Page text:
The Lun-class missile carrying Ekranoplan was operating in the Caspian Sea in the late 1980s.

To protect the Northern Sea Route, Russia gives rebirth to missile-armed ekranoplans

Flying just a few feet above the surface, the wing-in-ground-effect craft could patrol huge areas where infrastructure is weakly developed.
July 31, 2018


It was nick-named «Caspian Sea Monster» - the massive missile carrying half-boat, half-plane looking construction. First flying in 1987, the Lun-class ekranoplan with a wingspan of 38 meters was just flying for some years. After the Cold War, the battle aircraft was mothballed and is now stored in Kaspiysk in Dagestan.

A more modern version, named Orlan, is now included to be developed under the 2018-2027 state armament program. First, a prototype craft armed with missiles will be built, Deputy Prime Minister Yuri Borisov told TASS on Monday.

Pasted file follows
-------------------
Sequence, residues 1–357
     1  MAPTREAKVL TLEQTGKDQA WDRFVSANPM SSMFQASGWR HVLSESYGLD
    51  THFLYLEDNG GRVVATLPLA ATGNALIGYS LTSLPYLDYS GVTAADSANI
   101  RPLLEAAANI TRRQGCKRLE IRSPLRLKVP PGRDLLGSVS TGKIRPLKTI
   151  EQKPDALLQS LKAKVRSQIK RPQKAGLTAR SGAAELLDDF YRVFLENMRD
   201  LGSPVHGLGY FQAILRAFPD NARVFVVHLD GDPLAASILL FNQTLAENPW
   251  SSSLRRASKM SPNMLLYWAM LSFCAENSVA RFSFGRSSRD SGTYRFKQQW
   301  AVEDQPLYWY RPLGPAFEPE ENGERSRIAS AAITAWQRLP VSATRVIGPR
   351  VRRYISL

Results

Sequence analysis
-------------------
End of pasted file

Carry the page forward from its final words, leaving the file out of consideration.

«The state armament program for 2018-2027 includes the Orlan research- and development work, which stipulates the construction of the wing-in-ground-effect craft. The prototype will be created as part of this armament program and it will carry missile armament,» Yuri Borisov said.

The craft will be used to protect the Northern Sea Route where infrastructure today is weakly protected.

Ekranoplans have the advantage of flying at lower altitude than ordinary aircraft but moves at higher speed than a ship.

TASS reported in 2015 that the navy expected to get a standardized ekranoplan with a lifting capacity of up to 300 tonnes by 2020.


The craft could also serve patrol, transport and search- and rescue duties.

Conceptual designing and development work is carried out by the Central Design Bureau for the Alekseyev Central Hydrofoil company.

In January, the Barents Observer reported about the development of the civilian amphibious aircraft specially designed for the Arctic as it can land on sea, snow, ice and tundra.



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